“Oh, yeah, Perfessor, how are you? How’s Patti and Derek?”
            “Um, well, they’re fine, Cheeks, thank you.” Maybe he did know Cheeks. “I’m, uh, actually trying to locate Mrs. Overchord. Has she been to the clubhouse today?”
            “I don’t think so, Perfessor. Hold on, I’ll ask Jimmy, he’s the kid who’s manning the counter this summer.”
            Les had only a slim grip on the fear and anger twisting in his stomach.
            “This is Jimmy Kroegher.”
“Yes, Jimmy, hi, thank you, uh, have you seen Lyd—Mrs. Overchord today?”
“No sir, Mrs. Overchord hasn’t come in today.”
            “Ah. Oh.” A moment of helpless loss. The panic was now choking his voice. “Well, thanks for—“
            “I think she told one of the ball boys she’d be taking lessons at the college this summer.”
“Oh, did she?”
“Yeah, starting this week.”
            “That I don’t know, sir.”
            He got Breznick’s home phone number and he went to campus.
There were four outdoor tennis courts next to the old gym. All of them had people on them. Lydia wasn’t among them.
Maybe she was in the dressing room. Maybe she had been here with Patti and had decided to have a girls’ day out. Could he just walk into the women’s dressing room? Could she have had a lesson on the indoor court up at the field house? Where would she take Patti for a girls’ day out after a tennis lesson anyway?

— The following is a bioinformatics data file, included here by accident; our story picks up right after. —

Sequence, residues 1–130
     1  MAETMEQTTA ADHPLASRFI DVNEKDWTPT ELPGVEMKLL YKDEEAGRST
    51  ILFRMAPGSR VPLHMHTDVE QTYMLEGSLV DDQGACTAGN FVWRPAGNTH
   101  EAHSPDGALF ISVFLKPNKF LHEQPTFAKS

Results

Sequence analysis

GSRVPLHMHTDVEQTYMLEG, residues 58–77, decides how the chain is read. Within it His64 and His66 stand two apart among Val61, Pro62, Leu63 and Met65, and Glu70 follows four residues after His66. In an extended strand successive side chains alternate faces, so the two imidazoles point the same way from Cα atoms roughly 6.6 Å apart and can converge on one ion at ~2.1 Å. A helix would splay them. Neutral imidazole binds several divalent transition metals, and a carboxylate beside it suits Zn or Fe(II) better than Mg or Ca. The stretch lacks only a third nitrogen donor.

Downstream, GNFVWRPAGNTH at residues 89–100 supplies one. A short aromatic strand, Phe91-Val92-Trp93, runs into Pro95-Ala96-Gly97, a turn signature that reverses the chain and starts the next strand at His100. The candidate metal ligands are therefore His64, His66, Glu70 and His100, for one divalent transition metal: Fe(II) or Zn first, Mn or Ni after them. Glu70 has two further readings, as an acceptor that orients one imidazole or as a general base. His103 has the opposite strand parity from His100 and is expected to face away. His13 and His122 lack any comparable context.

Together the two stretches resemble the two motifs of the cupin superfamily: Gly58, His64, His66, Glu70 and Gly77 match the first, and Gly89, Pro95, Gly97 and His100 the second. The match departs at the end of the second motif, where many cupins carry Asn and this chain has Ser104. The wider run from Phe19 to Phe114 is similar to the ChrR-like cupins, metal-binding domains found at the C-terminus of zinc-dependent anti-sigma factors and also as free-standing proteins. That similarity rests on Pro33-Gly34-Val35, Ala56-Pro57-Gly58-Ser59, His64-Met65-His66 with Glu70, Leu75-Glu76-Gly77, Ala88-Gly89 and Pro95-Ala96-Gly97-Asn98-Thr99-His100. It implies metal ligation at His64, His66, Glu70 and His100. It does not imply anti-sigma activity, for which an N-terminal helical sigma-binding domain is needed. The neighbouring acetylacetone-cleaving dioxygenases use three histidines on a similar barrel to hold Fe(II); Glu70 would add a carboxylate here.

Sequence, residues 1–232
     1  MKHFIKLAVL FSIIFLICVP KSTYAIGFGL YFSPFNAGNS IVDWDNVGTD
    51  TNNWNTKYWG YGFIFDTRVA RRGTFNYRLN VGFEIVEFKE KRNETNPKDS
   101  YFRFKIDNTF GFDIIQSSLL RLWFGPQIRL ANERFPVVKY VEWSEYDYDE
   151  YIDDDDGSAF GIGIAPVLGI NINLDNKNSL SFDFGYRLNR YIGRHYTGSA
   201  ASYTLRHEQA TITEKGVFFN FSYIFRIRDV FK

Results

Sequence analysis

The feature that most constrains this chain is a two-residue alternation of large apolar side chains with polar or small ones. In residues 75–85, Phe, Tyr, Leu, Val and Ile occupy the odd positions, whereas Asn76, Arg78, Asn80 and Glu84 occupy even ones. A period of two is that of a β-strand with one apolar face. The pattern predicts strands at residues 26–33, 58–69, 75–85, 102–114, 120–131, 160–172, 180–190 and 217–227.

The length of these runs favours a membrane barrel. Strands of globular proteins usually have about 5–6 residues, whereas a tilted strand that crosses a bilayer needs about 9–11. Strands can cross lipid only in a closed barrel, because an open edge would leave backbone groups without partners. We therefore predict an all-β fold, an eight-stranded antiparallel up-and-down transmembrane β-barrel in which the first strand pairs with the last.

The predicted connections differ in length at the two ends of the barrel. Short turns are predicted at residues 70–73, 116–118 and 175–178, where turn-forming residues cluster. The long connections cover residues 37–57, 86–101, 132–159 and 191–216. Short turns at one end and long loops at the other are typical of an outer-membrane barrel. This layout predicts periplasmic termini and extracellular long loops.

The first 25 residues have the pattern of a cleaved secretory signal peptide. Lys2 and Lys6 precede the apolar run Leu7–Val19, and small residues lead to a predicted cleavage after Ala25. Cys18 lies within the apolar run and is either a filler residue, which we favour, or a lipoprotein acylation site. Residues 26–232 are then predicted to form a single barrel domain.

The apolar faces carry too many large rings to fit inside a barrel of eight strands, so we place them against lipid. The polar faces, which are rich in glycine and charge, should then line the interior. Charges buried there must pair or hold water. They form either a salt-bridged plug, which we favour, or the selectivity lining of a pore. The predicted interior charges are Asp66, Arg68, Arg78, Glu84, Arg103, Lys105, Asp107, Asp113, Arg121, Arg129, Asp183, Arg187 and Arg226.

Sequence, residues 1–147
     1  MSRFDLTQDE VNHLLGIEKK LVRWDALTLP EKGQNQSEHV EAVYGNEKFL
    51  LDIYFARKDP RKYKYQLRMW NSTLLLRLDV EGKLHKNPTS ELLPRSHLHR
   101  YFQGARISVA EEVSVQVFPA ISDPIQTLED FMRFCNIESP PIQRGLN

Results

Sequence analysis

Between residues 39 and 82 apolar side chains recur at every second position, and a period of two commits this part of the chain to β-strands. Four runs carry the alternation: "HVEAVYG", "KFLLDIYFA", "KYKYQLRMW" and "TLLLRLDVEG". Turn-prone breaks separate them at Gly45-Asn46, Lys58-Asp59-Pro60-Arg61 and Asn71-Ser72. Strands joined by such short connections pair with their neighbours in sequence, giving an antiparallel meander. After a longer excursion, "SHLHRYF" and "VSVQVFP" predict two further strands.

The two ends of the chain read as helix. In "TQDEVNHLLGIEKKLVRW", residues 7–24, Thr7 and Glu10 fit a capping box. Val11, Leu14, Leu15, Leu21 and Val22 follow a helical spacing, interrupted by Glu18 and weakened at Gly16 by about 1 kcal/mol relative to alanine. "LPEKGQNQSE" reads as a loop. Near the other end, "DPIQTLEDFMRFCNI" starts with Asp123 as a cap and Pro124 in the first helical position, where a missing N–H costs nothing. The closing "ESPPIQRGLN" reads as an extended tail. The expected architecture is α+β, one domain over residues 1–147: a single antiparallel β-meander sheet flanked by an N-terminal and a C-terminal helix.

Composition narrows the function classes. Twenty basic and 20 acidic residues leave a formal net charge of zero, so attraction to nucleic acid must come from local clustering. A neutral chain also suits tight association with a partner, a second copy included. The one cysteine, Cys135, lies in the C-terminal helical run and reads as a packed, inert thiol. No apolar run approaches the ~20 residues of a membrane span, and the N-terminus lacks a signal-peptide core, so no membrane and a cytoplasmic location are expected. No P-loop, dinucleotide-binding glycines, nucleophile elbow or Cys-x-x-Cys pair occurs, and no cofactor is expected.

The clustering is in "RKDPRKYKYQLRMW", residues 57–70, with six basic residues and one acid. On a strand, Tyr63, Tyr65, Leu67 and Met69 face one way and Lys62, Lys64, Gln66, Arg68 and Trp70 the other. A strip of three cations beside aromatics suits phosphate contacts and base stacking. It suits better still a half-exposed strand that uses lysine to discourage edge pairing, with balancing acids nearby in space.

“Les!” a voice called in bright delighted surprise.
            He turned and saw Jean Balfour coming toward him. She carried a racquet and was wearing a white tennis skirt with a pink top. Her lipstick color matched the top and her impossibly black hair was pulled into a high tight ponytail.
A tall young man in tennis shorts and shirt came behind her holding three tennis balls in the fingers of his left hand. Slung over his right shoulder was a nylon athletic bag from which a tennis racquet poked out. He turned his head to watch the action on the courts.
            Les asked and Jean said, yes, both she and Lydia had decided to give the instructors at the college a try this summer and in fact Lydia had scheduled a lesson for today, but Jean had been side-tracked all morning and hadn’t seen her. She wasn’t sure exactly what time Lydia’s lesson had been scheduled for, but surely there was a master schedule at the main desk, wasn’t there?
            “Do you know if she had Patti with her?”
            For a moment Jean looked at him directly and simply. “She didn’t say anything about bringing Patti, no.” And then the look disappeared and her tone again brightened. “Why? Is something wrong, Les?”
            Les could see the sparkling delight in Jean’s eyes as she looked at him with what she surely assumed resembled open earnest concern. He had an instant’s vision of Amber and Whitney Balfour going home last week after their visit to Patti’s house and telling their mother how they had seen Mr. Overchord run out of the kitchen swearing at Mrs. Overchord, blood running down the back of one of his hands. And in an unguarded moment maybe Lydia had spilled her guts at their last goddamn partnered tennis lesson.